JUPITER, Fla. - A life of private jets and black-tie balls ended with Seth Tobias, a wealthy investment manager and a familiar presence on CNBC, floating face down in the swimming pool of his mansion here.
It was just after midnight on Sept. 4 when Tobias' wife, Filomena, frantically called 911. "Please send somebody, please!" Tobias screamed. "He's not breathing!" By the time the police arrived, she had pulled her husband's body to the edge of the pool, where she cradled his head in her arms, sobbing.
Seth Tobias, a native of Philadelphia, 44, had apparently suffered a heart attack, his brother Spence said at the time. The police did not consider his death suspicious.
But now an unfolding drama over Tobias' estate is providing a lurid account of fast money and faster living in the volatile world of hedge funds. Tobias' four brothers and Filomena Tobias are locked in a legal battle over the estate, which is worth at least $25 million. And, in a civil complaint, they have gone so far as to accuse her of murder.
The brothers, Samuel, Spence, Scott and Joshua, claim Filomena Tobias drugged her husband and lured him into the pool. Bill Ash, a former assistant to Seth Tobias, has told the police that Filomena Tobias confessed to him that she had cajoled her husband into the water while he was on a cocaine binge with a promise of sex with a male go-go dancer known as "Tiger."
Filomena Tobias' lawyers call the claims outrageous. She has not been accused of any crime.
The mystery deepened when it emerged that Filomena Tobias spent $9,628 to have the pool drained and resurfaced days after her husband died, according to documents filed in an unrelated case.
The salacious accusations have captivated this wealthy enclave north of West Palm Beach and transfixed the investment world in New York, where Tobias ran a $300 million hedge fund from an office on Park Avenue. From the Breakers hotel in Palm Beach, a stately symbol of old money, to trading floors on Wall Street, the epicenter of the explosive wealth now reshaping American society, the case is seen as a parable of the modern gilded age.
"I don't understand why this hasn't ended up on CSI Miami yet," said Jim Cramer, the host of CNBC's stock-picking show "Mad Money" and Tobias' former boss on Wall Street.
The questions keep piling up, starting with the big one: How did Tobias die? The police in Jupiter have not opened a homicide investigation but are awaiting the results of toxicology tests before making a final determination, said Sgt. Scott Pascarella.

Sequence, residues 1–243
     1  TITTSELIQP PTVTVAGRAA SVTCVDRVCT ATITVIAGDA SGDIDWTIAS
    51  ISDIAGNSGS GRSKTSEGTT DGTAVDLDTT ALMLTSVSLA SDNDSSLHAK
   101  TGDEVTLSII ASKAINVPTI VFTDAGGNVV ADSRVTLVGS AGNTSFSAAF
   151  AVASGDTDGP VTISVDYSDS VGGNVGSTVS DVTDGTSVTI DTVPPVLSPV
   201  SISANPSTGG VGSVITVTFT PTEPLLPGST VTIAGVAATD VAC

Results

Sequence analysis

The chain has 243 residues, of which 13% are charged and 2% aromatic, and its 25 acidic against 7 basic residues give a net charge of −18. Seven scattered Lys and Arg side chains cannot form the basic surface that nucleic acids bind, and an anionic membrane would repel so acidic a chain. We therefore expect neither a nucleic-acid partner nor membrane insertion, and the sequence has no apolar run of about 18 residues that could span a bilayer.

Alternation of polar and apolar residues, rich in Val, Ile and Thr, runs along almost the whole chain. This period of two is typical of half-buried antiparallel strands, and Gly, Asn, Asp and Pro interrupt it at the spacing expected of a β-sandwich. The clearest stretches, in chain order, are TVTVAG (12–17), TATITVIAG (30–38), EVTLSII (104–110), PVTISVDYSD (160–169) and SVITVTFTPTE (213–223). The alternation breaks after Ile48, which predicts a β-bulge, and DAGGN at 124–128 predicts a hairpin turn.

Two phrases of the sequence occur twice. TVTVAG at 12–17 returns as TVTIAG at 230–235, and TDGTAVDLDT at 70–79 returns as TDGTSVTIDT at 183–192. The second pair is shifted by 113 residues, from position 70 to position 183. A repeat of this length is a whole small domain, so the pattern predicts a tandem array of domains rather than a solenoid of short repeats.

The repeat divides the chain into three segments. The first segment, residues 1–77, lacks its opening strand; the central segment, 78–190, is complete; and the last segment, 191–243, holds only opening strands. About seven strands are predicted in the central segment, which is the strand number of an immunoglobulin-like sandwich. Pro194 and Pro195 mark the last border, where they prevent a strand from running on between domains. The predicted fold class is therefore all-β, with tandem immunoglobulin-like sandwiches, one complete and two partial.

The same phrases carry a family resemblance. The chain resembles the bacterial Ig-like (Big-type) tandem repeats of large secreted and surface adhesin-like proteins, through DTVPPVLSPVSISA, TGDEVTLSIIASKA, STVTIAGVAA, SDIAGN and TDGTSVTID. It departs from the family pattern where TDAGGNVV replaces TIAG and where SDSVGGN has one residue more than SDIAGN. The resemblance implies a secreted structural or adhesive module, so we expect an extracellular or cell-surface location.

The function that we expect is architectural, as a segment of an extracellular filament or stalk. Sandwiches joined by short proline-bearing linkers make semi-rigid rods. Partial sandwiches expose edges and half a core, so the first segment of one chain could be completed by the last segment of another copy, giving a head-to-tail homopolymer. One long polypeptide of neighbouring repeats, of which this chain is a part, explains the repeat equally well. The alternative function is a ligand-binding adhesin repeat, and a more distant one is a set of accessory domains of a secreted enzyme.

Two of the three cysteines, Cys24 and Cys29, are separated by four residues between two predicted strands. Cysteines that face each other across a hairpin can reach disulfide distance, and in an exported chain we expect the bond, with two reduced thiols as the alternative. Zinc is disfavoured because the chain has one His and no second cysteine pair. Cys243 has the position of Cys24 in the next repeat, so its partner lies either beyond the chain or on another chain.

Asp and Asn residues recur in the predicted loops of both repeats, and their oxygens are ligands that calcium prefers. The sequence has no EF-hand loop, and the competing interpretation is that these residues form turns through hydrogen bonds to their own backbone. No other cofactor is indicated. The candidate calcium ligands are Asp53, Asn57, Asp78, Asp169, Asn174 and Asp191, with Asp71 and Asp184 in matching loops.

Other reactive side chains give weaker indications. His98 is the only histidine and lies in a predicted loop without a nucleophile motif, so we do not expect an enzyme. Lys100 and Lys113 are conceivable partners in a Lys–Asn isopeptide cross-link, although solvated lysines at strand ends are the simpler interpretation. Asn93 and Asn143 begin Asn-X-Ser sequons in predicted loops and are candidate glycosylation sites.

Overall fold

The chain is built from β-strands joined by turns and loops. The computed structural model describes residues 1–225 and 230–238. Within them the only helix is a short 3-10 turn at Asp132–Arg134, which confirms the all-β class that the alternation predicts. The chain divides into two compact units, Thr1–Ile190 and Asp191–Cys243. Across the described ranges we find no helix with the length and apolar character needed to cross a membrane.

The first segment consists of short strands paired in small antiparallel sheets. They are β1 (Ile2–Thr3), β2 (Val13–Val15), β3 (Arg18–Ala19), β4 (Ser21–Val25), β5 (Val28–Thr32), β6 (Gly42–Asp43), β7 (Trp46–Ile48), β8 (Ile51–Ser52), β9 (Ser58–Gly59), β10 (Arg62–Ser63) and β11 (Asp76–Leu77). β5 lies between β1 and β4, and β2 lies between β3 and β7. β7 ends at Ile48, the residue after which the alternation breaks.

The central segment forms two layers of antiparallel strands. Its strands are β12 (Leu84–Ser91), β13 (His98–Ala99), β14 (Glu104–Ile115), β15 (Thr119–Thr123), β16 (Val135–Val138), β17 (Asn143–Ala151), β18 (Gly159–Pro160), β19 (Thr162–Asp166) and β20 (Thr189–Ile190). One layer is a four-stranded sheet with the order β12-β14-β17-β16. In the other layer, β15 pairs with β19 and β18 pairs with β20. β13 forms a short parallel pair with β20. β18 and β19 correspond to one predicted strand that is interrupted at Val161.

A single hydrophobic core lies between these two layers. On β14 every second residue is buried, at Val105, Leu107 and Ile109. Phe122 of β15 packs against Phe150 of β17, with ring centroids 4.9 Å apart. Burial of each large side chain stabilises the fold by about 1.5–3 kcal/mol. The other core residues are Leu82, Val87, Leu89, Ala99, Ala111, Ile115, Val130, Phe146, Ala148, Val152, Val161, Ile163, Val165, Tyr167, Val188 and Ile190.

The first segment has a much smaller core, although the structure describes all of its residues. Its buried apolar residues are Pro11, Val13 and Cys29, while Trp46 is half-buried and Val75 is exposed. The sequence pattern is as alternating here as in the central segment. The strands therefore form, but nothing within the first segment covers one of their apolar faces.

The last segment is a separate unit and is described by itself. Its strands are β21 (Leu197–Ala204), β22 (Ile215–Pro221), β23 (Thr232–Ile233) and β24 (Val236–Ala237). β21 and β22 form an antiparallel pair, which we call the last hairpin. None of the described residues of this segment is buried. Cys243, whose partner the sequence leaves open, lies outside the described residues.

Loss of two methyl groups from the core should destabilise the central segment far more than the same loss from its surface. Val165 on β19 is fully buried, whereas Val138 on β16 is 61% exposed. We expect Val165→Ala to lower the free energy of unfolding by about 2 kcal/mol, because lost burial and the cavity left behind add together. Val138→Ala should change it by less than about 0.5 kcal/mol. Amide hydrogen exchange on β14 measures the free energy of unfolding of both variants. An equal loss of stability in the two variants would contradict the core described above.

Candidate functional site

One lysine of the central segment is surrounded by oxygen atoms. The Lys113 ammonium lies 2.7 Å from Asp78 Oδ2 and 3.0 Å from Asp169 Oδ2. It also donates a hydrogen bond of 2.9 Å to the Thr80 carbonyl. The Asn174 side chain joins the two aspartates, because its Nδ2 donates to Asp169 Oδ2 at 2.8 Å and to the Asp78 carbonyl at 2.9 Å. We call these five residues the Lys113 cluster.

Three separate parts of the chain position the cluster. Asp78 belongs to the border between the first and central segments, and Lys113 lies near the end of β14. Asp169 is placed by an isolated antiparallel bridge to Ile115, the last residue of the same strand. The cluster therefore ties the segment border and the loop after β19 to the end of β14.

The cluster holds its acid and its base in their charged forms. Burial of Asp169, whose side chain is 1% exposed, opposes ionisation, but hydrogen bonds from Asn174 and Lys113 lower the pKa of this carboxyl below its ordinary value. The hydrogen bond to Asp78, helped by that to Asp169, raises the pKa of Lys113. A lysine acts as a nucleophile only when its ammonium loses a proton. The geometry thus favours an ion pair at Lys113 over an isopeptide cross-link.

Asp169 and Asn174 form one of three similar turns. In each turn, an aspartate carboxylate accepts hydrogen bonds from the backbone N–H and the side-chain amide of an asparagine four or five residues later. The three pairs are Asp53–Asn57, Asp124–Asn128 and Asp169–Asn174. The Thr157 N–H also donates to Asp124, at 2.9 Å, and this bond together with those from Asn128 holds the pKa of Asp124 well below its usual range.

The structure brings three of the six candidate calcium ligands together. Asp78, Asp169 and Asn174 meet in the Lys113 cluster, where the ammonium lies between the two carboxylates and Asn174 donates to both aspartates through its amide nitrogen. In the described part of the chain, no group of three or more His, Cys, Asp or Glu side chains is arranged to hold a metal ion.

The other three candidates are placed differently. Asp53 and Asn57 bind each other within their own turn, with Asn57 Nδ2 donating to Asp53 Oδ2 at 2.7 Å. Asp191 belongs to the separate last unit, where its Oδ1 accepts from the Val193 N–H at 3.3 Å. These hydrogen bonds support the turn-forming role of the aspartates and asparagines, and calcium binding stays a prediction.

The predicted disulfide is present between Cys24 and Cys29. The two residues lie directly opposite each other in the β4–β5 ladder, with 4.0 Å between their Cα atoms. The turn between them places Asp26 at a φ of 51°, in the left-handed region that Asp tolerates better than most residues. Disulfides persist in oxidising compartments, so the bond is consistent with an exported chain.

At the center of the dispute is Tobias' will, which designates his brothers as beneficiaries but does not name Filomena Tobias. She contends that she is entitled to the estate because the will was signed before the couple married. In court filings, the Tobias brothers invoke Florida's "slayer statute," which prohibits inheritance by a person who kills someone from whom they stand to inherit. They claim she "intentionally killed" her husband "by asphyxiation and drowning."
One lawyer representing Filomena Tobias, Gary Dunkin, said he was shocked by the accusation. "In my 25 years practicing law, this is the most reckless allegation I have ever seen," Dunkin said in court. Her lawyers, which include her prior husband, Jay J. Jacknin, have asked the court to put off her depositions because of her "psychiatric condition." They said she hired contractors to empty the pool because she was distraught over her husband's death.
However this mystery plays out, it is providing a treasure of details that document the lavish lifestyles that hedge funds can afford their founders, and perhaps sheds light on how all that money ultimately influences their personal lives.
Seth Tobias entered this secretive, often volatile corner of the financial world after spending less than a decade on Wall Street, including a stint with Cramer's former money-management firm. He formed Circle T in 1996, with $4 million, and parlayed that into a $300 million hedge fund and brokerage firm.
Along the way, Tobias collected the trappings of success. He spent days at the Kentucky Derby and nights at Donald Trump's Mar-a-Lago Club. He frequently shuttled by private jet between New York, where he worked in the Seagram Building in Manhattan, and Florida, where he owned two homes.